Matilda (1779 ship)
|Fate:||Wrecked in 1792|
|Notes:||Three decks. Underwent a good repair in 1791|
|Tons burthen:||460 (bm)|
|Sail plan:||Ship rig|
Matilda was a ship built in France and launched in 1779. She became a whaling ship for the British Company Calvert & Co., making a whaling voyage while under the command of Matthew Weatherhead to New South Wales and the Pacific in 1790.
She enters Lloyd's Register in 1791 with Weatherhead as master, Calvert & Co., as owners, and trade London—Botany Bay. That year, either owned or leased by Samuel Enderby & Sons, she transported convicts from England to Australia as part of the third fleet.
She departed Portsmouth on 27 March 1791 and arrived on 1 August in Port Jackson, New South Wales. She embarked 250 male convicts, 25 of whom died during the voyage. Nineteen officers and men of the New South Wales Corps provided the guards. On her arrival at Port Jackson the ship required repairs.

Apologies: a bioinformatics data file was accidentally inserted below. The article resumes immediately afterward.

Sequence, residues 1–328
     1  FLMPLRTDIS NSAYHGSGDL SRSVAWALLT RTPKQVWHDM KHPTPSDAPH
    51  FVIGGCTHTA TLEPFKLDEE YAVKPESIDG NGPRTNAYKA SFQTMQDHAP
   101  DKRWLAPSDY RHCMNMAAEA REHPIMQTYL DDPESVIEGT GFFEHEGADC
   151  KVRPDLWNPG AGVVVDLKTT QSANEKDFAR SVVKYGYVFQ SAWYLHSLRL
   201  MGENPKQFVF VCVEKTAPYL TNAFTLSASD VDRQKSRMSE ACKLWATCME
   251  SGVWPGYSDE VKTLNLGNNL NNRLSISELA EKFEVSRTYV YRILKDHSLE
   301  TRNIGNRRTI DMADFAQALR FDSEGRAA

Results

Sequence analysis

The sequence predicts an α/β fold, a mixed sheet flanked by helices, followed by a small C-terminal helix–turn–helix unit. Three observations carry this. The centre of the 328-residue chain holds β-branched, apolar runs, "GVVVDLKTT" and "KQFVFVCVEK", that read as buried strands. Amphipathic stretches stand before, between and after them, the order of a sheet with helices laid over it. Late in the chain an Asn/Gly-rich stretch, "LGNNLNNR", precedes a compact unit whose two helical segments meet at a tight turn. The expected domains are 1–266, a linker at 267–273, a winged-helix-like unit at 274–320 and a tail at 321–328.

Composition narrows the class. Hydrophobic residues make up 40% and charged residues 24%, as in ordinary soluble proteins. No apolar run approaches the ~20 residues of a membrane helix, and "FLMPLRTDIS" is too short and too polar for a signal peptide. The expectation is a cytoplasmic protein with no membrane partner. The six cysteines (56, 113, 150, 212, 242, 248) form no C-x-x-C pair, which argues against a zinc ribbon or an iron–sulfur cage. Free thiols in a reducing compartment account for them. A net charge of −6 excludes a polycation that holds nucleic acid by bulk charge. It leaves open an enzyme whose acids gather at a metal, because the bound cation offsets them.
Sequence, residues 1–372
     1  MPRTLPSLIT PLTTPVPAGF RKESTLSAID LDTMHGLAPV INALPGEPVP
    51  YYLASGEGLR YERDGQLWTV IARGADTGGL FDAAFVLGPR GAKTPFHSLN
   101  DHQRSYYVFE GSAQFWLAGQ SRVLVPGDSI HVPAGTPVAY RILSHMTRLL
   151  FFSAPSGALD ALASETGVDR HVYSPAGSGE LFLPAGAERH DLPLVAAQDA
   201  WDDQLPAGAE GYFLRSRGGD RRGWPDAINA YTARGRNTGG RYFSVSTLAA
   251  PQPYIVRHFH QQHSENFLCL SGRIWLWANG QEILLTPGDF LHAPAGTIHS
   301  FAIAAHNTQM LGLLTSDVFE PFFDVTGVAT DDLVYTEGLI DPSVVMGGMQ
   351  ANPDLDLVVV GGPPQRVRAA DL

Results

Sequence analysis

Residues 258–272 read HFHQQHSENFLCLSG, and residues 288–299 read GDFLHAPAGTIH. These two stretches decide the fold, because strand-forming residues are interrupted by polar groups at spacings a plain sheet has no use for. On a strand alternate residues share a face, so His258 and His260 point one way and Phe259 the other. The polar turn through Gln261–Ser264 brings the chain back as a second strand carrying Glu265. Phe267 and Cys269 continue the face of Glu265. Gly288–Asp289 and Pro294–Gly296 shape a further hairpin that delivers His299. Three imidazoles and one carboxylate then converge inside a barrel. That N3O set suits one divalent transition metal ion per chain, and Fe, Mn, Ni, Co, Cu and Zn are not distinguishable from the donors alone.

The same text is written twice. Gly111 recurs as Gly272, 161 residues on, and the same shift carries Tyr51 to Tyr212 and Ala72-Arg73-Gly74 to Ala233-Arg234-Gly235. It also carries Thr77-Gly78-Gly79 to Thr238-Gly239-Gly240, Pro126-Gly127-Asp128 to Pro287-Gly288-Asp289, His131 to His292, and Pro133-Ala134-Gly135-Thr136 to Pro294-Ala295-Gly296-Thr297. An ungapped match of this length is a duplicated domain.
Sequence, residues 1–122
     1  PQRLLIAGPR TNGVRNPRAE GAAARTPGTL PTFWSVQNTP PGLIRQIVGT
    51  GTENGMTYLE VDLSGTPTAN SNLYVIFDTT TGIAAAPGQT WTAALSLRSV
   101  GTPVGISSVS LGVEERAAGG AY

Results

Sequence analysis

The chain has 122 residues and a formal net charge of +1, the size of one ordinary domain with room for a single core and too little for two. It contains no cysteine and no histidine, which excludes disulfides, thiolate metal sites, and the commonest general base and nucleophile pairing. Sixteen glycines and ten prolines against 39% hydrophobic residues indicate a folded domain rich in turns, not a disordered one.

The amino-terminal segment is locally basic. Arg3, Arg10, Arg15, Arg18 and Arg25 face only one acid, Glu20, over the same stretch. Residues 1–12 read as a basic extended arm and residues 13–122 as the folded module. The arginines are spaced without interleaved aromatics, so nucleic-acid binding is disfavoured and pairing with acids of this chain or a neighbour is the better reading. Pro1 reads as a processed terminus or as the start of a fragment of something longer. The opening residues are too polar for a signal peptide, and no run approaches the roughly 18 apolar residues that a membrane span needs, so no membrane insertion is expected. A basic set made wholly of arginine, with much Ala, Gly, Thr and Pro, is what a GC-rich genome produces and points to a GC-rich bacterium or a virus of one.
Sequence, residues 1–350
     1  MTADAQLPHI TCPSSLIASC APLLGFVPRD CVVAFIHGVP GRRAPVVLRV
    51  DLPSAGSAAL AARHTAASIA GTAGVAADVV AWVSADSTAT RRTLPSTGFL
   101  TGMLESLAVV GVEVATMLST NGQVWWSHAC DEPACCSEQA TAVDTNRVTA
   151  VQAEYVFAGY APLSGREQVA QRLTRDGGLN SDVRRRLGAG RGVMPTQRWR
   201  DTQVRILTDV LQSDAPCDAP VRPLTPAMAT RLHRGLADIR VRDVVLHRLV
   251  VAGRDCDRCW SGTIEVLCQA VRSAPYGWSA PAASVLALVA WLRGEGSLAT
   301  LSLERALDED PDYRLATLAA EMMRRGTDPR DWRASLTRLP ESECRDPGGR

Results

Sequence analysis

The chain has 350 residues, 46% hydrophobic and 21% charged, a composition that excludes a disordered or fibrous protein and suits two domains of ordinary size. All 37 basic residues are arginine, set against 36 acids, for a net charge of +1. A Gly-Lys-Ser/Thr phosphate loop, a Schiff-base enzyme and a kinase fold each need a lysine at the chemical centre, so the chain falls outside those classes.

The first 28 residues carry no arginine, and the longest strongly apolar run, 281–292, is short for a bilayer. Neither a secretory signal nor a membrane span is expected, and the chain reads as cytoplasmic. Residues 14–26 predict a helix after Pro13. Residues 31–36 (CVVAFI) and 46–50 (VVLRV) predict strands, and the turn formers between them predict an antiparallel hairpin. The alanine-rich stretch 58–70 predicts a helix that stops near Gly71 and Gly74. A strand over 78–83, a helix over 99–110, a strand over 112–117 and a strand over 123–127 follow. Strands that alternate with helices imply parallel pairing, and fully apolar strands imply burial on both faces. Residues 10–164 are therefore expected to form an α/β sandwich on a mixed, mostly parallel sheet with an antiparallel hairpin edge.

Matilda was wrecked in February 1792 on a shoal, later named Matilda Island. (Frederick Beechey of HMS Blossom (1806), who discovered the wreckage in 1826, confirmed that Matilda Island was actually Moruroa.)
Citations and references
- Lloyd's Register (1791), Seq.№M538.
- Clayton (2014), p.171.
- Bateson (1974), pp.115-6.
- Bateson (1974), p. 133.
- University of Hull: British Southern Whale Fishery - Matilda.
- "Arrival of Vessels at Port Jackson, and their Departure". Australian Town and Country Journal, Saturday 3 January 1891, p.17. Retrieved 23 August 2012.
- "The Sydney Morning Herald, Tuesday 30 June 1857. p.3.". Retrieved 20 July 2011.
- Quanchi (2005), p. 248.
- "The Mercury (Hobart, Tasmania), Friday 18 March 1921. p.6.". Retrieved 20 July 2011.
- Bateson, Charles (1974) The Convict Ships, 1787-1868. (Sydney). ISBN 0-85174-195-9
- Clayton, Jane M. (2014) Ships employed in the South Sea Whale Fishery from Britain: 1775-1815: An alphabetical list of ships. (Berforts Group). ISBN 978-1908616524
- Quanchi, Max (2005). Historical Dictionary of the Discovery and Exploration of the Pacific Islands. The Scarecrow Press. ISBN 0810853957.
- External links